Adrienne Rich, Feminist Poet And Essayist Dies At 82

Poet and pioneer Adrienne Rich has died. She was 82 years-old.

Rich gave voice to a full-throated feminism that refused to be silenced. In her own words:

When those who have power to name and to socially construct reality choose not to see you or hear you, whether you are dark-skinned, old, disabled, female, or speak with a different accent or dialect than theirs, when someone with the authority of a teacher, say, describes the world and you are not in it, there is a moment of psychic disequilibrium, as if you looked in to a mirror and saw nothing. Yet you know  you exist and others like you, that this is a game with mirrors. It takes some strength of soul—and not just individual strength, but collective understanding—to resist this void, this nonbeing, into which you are thrust, and to stand up, demanding to be seen and heard.

From “Invisibility in Academe” (1984) in Blood, Bread, and Poetry (1986)

As a writer Rich was as impressive as a poet as she was an essayist and social critic. Her “Of Woman Born” remains a foundational feminist critique of pregnancy, childbirth and motherhood. Rich also won a National Book Award for her collection of poems “Diving into the Wreck. For Rich art and politics could not be separated, nor would she have permitted it even if it were possible.

Rich leaves a legacy too large to summarize in any good way here. Women’s studies departments and disciplines launched because of Rich’s words and her vision. Her unwavering insistence of speaking truth to power came back to a quest to find the self for all of those cut out of power and disenfranchised by patriarchy. In the end Rich leaves behind generations of feminists that too will not be silenced. And for that we are eternally in her debt.

We are, I am, you are
by cowardice or courage
the one who find our way
back to this scene
carrying a knife, a camera
a book of myths
in which
our names do not appear.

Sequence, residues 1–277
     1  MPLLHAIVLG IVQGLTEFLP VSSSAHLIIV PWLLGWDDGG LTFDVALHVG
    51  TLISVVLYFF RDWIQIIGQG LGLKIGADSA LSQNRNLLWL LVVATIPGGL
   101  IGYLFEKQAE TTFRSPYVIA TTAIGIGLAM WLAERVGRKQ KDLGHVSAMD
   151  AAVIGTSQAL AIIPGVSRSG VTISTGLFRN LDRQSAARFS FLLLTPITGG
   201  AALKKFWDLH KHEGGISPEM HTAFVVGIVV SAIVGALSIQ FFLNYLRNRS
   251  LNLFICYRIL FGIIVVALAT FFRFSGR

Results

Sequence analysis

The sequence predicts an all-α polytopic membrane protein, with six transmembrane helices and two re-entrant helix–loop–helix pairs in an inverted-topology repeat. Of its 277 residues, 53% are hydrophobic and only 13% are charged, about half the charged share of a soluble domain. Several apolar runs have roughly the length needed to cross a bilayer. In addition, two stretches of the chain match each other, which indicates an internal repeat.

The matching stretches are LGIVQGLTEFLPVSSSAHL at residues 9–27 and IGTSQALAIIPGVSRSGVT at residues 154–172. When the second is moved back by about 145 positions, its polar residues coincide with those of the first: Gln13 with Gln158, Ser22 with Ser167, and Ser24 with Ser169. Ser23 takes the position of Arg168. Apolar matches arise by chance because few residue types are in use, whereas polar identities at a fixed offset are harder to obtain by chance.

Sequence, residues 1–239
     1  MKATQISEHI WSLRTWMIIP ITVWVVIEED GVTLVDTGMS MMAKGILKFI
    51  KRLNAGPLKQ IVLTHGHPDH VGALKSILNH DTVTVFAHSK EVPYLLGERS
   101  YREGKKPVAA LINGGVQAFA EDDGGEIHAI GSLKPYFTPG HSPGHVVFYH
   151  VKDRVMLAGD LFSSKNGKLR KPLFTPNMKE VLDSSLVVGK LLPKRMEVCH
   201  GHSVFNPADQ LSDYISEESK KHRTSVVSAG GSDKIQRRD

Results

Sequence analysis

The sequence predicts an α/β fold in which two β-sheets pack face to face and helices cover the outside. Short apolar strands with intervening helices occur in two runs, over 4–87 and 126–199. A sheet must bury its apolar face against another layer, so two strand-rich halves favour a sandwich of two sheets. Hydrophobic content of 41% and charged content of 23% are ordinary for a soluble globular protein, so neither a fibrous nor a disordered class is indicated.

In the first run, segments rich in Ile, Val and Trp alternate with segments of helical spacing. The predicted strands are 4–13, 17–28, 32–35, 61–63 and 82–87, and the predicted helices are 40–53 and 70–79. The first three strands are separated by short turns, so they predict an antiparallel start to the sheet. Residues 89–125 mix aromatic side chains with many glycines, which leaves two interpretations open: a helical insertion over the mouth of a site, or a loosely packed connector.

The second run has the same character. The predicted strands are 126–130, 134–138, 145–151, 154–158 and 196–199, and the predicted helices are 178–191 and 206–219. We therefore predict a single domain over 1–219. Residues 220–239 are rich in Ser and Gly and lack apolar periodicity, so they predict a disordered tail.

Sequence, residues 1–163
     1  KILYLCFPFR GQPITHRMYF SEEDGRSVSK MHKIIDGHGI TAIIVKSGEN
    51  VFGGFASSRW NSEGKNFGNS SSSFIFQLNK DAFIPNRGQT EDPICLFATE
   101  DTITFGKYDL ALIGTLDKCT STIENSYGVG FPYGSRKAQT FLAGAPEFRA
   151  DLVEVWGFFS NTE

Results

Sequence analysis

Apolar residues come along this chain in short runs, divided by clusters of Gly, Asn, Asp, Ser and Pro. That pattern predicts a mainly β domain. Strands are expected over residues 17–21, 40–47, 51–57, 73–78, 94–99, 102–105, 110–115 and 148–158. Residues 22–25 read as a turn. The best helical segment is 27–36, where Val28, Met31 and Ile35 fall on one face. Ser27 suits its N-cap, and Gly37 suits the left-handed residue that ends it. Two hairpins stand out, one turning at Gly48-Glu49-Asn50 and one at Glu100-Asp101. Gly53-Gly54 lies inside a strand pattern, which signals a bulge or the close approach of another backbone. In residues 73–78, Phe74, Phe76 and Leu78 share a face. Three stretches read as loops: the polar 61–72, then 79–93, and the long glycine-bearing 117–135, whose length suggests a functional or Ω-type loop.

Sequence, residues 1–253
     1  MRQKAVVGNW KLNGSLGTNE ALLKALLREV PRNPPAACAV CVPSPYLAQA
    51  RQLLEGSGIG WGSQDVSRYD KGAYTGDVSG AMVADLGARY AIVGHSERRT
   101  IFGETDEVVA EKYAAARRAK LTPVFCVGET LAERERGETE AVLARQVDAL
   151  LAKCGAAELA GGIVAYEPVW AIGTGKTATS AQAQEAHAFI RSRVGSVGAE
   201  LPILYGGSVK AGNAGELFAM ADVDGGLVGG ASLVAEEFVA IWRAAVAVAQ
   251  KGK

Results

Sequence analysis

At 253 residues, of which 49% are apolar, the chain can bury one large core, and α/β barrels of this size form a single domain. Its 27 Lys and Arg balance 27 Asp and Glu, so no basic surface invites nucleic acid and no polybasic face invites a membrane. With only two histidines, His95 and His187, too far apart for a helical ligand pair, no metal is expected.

From Diving into the Wreck


Photo from kkendall via flickr.

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16 comments

Rin S.
Rin S.3 years ago

RIP. What an amazing woman..

Emily M.
Emily M.3 years ago

I had the pleasure of meeting her in college. She encouraged my friends and I that our efforts to increase feminist principles on campus were important, even if they were met with ignorance and backlash. She was truly a fantastic woman.

KS Goh
KS Goh3 years ago

Thanks for the article.

Carole Cherne
Carole Cherne3 years ago

A wild and wise beautiful soul.

Jason S.
Jason S.3 years ago

Good Posting, Thanks

Karla T.
Karla Tonella3 years ago

These three women are all important poets and feminists and all are now dead.
They should be identified! They are:
Audre Lorde, Meridel Lesueur, Adrienne Rich in 1980

Rachel Verde
Rachel Verde3 years ago

"Compulsory Heterosexuality and Lesbian Existence" is one of my favorite feminist essays. She will be missed.

Bonnie B.
Bonnie B.3 years ago

One of my favorite poets! I got to hear her read and meet her many years ago. She will be greatly missed by many! and thank you for quoting from one of my favorite poems.

Alisha W.
.3 years ago

Aunt Jennifer’s tigers prance across a screen,
Bright topaz denizens of a world of green.
They do not fear the men beneath the tree;
They pace in sleek chivalric certainty.

Aunt Jennifer’s finger fluttering through her wool
Find even the ivory needle hard to pull.
The massive weight of Uncle’s wedding band
Sits heavily upon Aunt Jennifer’s hand.

When Aunt is dead, her terrified hands will lie
Still ringed with ordeals she was mastered by.
The tigers in the panel that she made
Will go on prancing, proud and unafraid.

This is my favorite poem by Adrienne Rich. Even though she didn't live to see a time when all the "tigers" were unafraid, I hope we will learn from her life and voice, and honor her by continuing to work towards a more equal and tollerant society.

Marg H.
Marg H.3 years ago

" ... with the hands of a sister I would leave your hands
open or closed as they prefer to lie
and ask no more of who or why or wherefore "

A. Rich - A Wild Patience Has Taken Me This Far.

For my friend.